(F. Hamilton, 1822)
The Bombay duck or bummalo (Harpadon nehereus, Bengali: bamaloh or loytta, Gujarati: bumla, Marathi: bombil, Sinhala: bombeli) is, despite its name, not a duck but a lizardfish. It is native to the waters between Mumbai (formerly Bombay) and Kutch in the Arabian Sea, and a small number are also found in the Bay of Bengal. Great numbers are also caught in the South China Sea. The fish is often dried and salted before it is consumed, as its meat does not have a distinctive taste of its own. After drying, the odour of the fish is extremely powerful, and it is usually transported in air-tight containers. Fresh fish are usually fried and served as a starter. In Mumbai, Konkan, and the western coastal areas in India, this dish is popularly known as "Bombil fry".
The origin of the term "Bombay duck" is uncertain. One popular etymology relates to railways. The shoals of fish around the Eurasian continent were separated when the Indian plate moved into it, dividing the species along the coasts of eastern and western India. When the rail links started on the Indian subcontinent, people from eastern Bengal were made aware of the great availability of the locally prized fish on India's western coasts and began importing them by the railways. Since the smell of the dried fish was overpowering, its transportation was later consigned to the mail train; the Bombay Mail (or Bombay Daak) thus reeked of the fish smell and "You smell like the Bombay Daak" was a common term in use in the days of the British Raj. In Bombay, the local English speakers then called it so, but it was eventually corrupted into "Bombay duck". Nonetheless, the Oxford English Dictionary dates "Bombay duck" to at least 1850, two years before the first railroad in Bombay was constructed, making this explanation unlikely.
According to local Bangladeshi stories, the term Bombay duck was first coined by Robert Clive, after he tasted a piece during his conquest of Bengal. It is said that he associated the pungent smell with that of the newspapers and mail which would come into the cantonments from Bombay. The term was later popularized among the British public by its appearance in Indian restaurants in the UK.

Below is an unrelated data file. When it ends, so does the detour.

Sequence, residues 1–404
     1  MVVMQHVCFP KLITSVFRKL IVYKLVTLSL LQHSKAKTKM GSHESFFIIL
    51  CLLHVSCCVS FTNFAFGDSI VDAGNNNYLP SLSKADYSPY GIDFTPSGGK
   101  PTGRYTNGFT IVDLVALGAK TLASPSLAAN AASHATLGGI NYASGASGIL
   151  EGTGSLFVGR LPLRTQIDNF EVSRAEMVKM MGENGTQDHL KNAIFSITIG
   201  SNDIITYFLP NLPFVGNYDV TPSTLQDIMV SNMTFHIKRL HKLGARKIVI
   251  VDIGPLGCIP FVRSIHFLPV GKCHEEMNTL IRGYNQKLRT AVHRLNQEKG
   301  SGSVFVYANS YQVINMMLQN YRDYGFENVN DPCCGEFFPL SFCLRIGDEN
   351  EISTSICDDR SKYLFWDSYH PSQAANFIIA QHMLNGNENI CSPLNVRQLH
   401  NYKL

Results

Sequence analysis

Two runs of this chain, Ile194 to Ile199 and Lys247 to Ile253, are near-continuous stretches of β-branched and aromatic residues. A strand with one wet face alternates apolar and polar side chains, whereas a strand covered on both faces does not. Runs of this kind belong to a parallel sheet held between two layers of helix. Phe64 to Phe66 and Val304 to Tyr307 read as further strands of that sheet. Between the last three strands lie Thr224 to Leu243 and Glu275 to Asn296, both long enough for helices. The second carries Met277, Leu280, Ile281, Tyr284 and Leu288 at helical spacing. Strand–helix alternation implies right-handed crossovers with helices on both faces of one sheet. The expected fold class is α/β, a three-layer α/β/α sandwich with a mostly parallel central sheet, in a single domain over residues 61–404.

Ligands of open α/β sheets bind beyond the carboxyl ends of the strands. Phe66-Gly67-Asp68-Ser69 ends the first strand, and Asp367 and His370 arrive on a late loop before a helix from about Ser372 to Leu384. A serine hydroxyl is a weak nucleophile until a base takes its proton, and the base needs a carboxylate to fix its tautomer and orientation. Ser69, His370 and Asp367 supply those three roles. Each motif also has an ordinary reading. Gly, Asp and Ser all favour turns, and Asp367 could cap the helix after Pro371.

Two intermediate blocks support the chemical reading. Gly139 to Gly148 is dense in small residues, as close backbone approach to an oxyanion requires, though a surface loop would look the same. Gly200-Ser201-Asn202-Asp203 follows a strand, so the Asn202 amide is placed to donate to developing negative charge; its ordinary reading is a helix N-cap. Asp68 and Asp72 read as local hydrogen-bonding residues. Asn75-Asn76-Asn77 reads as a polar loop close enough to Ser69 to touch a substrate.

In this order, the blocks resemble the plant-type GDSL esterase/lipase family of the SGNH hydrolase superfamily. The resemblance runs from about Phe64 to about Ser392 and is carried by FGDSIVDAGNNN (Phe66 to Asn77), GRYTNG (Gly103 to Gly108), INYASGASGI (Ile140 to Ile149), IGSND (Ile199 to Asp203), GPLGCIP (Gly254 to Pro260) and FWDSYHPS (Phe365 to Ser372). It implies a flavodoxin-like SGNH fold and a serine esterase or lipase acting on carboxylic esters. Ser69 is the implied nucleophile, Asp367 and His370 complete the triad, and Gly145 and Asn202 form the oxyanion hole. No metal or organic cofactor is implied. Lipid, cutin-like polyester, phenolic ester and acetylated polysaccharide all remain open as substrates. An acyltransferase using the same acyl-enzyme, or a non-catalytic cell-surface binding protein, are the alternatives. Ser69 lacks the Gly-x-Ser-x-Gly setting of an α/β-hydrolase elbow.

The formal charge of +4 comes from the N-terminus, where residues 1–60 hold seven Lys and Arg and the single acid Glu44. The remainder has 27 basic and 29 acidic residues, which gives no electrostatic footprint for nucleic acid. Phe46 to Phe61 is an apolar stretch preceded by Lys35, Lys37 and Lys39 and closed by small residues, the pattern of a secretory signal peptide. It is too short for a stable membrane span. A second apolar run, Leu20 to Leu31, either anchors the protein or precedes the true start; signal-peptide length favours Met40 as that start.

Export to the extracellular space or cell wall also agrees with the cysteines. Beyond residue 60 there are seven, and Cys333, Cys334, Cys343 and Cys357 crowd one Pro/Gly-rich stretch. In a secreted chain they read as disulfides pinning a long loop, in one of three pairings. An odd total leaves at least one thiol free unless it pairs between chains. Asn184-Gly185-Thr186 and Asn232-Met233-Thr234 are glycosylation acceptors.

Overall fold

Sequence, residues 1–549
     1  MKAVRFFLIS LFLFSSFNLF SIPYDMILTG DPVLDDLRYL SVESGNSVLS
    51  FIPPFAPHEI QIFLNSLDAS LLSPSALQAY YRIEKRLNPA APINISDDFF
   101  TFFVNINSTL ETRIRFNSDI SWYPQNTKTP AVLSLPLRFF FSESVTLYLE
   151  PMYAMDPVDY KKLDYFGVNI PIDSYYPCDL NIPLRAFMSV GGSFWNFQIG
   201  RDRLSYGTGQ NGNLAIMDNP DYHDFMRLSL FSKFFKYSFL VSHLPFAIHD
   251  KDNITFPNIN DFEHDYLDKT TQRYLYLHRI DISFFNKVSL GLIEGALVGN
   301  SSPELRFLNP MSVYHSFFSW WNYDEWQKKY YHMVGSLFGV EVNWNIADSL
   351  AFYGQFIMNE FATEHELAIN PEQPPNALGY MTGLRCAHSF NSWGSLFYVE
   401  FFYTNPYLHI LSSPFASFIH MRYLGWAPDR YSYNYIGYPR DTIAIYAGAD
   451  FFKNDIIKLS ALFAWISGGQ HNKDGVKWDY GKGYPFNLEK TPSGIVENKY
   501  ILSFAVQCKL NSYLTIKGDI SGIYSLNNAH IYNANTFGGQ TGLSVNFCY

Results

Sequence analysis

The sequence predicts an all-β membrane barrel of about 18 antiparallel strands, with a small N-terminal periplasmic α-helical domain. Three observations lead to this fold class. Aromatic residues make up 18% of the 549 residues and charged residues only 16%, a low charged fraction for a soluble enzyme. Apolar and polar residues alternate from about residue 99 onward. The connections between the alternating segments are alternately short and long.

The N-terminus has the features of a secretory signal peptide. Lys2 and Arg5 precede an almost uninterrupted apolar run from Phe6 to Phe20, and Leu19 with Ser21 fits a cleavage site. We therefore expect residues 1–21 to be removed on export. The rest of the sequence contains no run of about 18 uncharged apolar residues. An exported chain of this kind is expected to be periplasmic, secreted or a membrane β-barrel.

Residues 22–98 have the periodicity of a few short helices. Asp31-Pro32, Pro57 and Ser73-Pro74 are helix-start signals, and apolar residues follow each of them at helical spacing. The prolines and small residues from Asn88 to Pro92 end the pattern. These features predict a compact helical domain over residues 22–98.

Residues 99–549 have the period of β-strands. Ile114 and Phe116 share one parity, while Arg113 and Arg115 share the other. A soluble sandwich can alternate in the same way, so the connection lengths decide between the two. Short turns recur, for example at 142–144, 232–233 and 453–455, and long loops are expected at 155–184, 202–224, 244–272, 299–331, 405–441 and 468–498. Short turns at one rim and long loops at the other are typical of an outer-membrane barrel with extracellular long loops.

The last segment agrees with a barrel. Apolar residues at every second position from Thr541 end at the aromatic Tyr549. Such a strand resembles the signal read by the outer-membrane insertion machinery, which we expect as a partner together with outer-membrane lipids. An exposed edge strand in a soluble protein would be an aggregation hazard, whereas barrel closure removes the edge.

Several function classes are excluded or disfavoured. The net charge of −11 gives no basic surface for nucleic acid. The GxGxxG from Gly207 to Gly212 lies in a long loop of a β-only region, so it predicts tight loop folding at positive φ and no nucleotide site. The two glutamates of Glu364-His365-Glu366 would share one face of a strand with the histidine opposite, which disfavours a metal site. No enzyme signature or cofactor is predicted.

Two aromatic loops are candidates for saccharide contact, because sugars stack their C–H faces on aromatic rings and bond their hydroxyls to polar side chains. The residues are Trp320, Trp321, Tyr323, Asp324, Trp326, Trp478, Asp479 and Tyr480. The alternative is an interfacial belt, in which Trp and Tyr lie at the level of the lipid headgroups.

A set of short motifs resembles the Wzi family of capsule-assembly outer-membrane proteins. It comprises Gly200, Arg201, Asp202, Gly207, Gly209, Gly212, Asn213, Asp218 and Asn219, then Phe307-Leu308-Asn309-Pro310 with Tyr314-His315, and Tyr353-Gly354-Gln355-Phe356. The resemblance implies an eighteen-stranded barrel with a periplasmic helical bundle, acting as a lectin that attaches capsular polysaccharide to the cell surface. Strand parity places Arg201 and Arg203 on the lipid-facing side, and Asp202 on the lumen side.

European Union import restrictions
In 1997, Bombay duck was banned by the European Commission (EC) of the European Union. The EC admitted that it had no "sanitary" evidence against the product and the UK Public Health Laboratory Service confirmed no cases of food poisoning had been recorded, or bacterial contamination had not been associated with Bombay duck. It was banned because the EC only allows fish imports from India from approved freezing and canning factories, and Bombay duck is not produced in factories. Before the ban, consumption in the United Kingdom was over 13 tonnes per year.
According to the "Save Bombay Duck" campaign, the Indian High Commission approached the European Commission about the ban. The EC adjusted the regulations so that the fish can still be dried in the open air, but has to be packed in an "EC approved" packing station. A Birmingham wholesale merchant located a packing source in Mumbai, and the product became available again in the United Kingdom.
Bombay duck is available fresh in Canada in cities with large Indian populations, such as Toronto and Montreal, and is generally known as bumla. Although mainly popular with Indians from Bengal, southern Gujarat, coastal Maharashtra, Goa, and Karnataka, it is increasingly consumed by the other South Asian populations, Bangladeshis in particular.
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- duck, n.1. Oxford English Dictionary, 2nd ed., 1989; online version December 2011. Accessed 2 February 2012.
- IR History: Early Days - I. Indian Railways Fan Club website. Accessed 2 February 2012.
- Toby Rendrag (sir, pseud.), Poems, original, lyrical, and satirical, containing Indian reminiscences of the late sir Toby Rendrag, Publ. 1829 W. Boyls page 26
- A. Clark, William Combe, Paddy Hew: a poem : from the brain of Timothy Tarpaulin, Printed for Whittingham and Arliss, 1815, 195 pages, page 86
- "Save Bombay Duck". Bombay-duck.co.uk. 2003-12-16. Retrieved 2009-07-25.